Is a More ‘Rational’ Accord the Right Move for Honda?
Sedans have been slowly disappearing from the contemporary automotive market. Ford no longer makes sedans. Chevy has the Malibu, but not for long. Chrysler still makes the 300, alongside a few other automakers that offer limited sedans and a variety of SUVs and crossovers.
The Accord is one of the few sedans left standing. Its latest generation has received some pushback from automotive enthusiasts for dropping its performance-oriented engine option. Car and Driver argued that the 2023 Honda Accord’s lack of a powerful engine options are a necessary move for the beloved sedan’s longevity. Is a more “rational” Honda Accord the right move?
No More 2.0T for the Honda Accord
This is not the first time Honda has disappointed enthusiasts in recent years. Upon the release of the 10th generation Accord in 2018, journalists lamented the loss of the brawny J35 V6. Now we are grieving the demise of the 252 hp 2.0-liter turbo motor as well as the excellent 10-speed automatic it was paired with.
The latest Accord still offers the 1.5-liter turbocharged engine in its LX and EX trims, but the hybrid powertrain now powers all other Accord trims. That powertrain in the Sport Hybrid, EX-L Hybrid, Sport-L Hybrid, and Touring Hybrid trims ostensibly replaces the 2.0T from the old Accord Hybrid.
What powers the new Honda Accord?
Powering the new Accord is a naturally aspirated 2.0-liter engine and a hybrid drivetrain that includes two electric motors and a 1.1 kWh battery. Together you get 204 hp and 247 lb-ft of torque, allowing the hybridized Honda to reach 60 mph in a respectable 6.6 seconds, reports Car and Driver.
Though it isn’t quite as fast as its predecessor, the new Accord Hybrid lineup retains the sporting spirit of past Accords. Car and Driver says the Accord, “Hit a challenging road, and body motions remain military—school disciplined, yet the ride never approaches harsh—qualities rarely found together even in heavier, higher-riding SUVs.” No doubt it has been praised the for being dynamically superior to its predecessor.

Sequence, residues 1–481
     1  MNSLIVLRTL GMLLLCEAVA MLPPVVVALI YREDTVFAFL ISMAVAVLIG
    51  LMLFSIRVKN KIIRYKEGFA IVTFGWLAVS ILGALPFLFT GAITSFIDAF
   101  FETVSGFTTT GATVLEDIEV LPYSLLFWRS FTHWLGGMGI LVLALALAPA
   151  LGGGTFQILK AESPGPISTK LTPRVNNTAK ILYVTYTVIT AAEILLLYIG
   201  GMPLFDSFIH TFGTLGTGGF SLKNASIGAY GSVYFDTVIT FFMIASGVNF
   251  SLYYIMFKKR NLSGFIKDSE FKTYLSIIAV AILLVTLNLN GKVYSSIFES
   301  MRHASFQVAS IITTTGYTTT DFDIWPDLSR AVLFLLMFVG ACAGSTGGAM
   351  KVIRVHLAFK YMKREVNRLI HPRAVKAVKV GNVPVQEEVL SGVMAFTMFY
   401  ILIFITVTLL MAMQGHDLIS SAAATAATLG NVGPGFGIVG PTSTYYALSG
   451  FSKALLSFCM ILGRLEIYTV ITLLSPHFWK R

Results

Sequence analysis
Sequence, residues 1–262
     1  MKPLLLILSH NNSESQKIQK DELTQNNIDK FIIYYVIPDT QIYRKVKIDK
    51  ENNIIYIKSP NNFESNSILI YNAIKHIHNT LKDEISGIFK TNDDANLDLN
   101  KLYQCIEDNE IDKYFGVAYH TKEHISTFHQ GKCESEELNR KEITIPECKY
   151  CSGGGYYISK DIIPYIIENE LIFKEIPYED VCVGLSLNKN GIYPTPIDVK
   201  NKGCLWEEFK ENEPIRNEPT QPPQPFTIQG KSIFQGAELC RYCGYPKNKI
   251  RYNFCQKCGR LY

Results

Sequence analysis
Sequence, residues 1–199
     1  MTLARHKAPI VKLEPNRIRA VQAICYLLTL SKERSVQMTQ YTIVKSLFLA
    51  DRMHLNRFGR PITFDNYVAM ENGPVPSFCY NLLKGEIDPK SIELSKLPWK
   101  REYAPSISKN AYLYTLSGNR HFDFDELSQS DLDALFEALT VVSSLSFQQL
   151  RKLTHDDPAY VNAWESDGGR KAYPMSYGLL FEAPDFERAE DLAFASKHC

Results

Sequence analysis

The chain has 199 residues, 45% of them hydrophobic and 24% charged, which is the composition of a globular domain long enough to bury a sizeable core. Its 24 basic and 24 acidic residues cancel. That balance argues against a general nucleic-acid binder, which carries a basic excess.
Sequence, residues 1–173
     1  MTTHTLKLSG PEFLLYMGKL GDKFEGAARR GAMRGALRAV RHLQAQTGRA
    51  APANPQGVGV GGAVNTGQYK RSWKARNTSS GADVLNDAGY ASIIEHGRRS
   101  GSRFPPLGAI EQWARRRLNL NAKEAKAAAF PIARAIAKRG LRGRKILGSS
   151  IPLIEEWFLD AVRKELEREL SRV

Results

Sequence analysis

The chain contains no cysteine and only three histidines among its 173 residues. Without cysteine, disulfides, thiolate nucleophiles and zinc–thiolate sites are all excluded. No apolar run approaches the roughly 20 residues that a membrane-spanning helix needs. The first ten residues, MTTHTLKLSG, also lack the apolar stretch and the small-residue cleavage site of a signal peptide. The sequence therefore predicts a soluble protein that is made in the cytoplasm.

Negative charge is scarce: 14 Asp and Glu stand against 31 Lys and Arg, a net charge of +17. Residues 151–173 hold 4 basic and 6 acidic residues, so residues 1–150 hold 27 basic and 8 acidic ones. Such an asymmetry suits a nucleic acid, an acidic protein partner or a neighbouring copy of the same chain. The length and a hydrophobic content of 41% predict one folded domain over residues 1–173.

Though the car is down on power and outright speed, the Accord provides an even more pleasant and engaging driving experience than the outgoing model. So yes, even without a powerful engine option, it seems the Accord remains the more enjoyable driving experience than competitors like the Nissan Altima and Toyota Camry.
The new Accord is targeting the masses
Though Car and Driver laments the loss of the Accord with a hot hatch heart, they find very little to complain about with this newest iteration. The styling is subjective, but despite being “unadorned” from certain angles, it was attractive from the perspective of the folks at Car and Driver. The car is quiet, comfortable, exceptionally well-equipped, and delivers an enjoyable driving experience despite the lack of grunt.
Car and Driver reported the tech as particularly refreshing, given its simplicity and functionality— something you can’t say about many modern cars. It also offers 51 mpg in the city and 48 mpg on the highway when equipped with 17-inch wheels. The 19-inch wheels on the Touring Hybrid bring that down to a still impressive 46 mpg city and 44 mpg highway.
The package offered by Honda is one targeted at the average consumer. Sutton references the 2.0T Accord’s low take rates as a culprit in its demise. Honda likely recognizes the types of consumers who buy the Accord are usually looking for something other than a beefy engine. They typically seek a quiet, comfortable sedan with ample power and maybe some pizazz in the corners.
Is a “Rational” Honda Accord necessary?
The sedan market is dwindling, and power is likely not the path to continued strong sales. Sedans have two significant advantages over their SUV and crossover counterparts: handling and fuel economy. Honda has done their part to ensure the Accord is borderline fun in the twisties but has also ensured its continued existence by delivering phenomenal fuel economy. This level of fuel economy is third-generation Prius territory without the stigma and with 142 lb-ft of additional torque. Yes, we will miss the 2.0L engine, but hopefully, these changes mean that saying goodbye to the Accord is a long, long way off.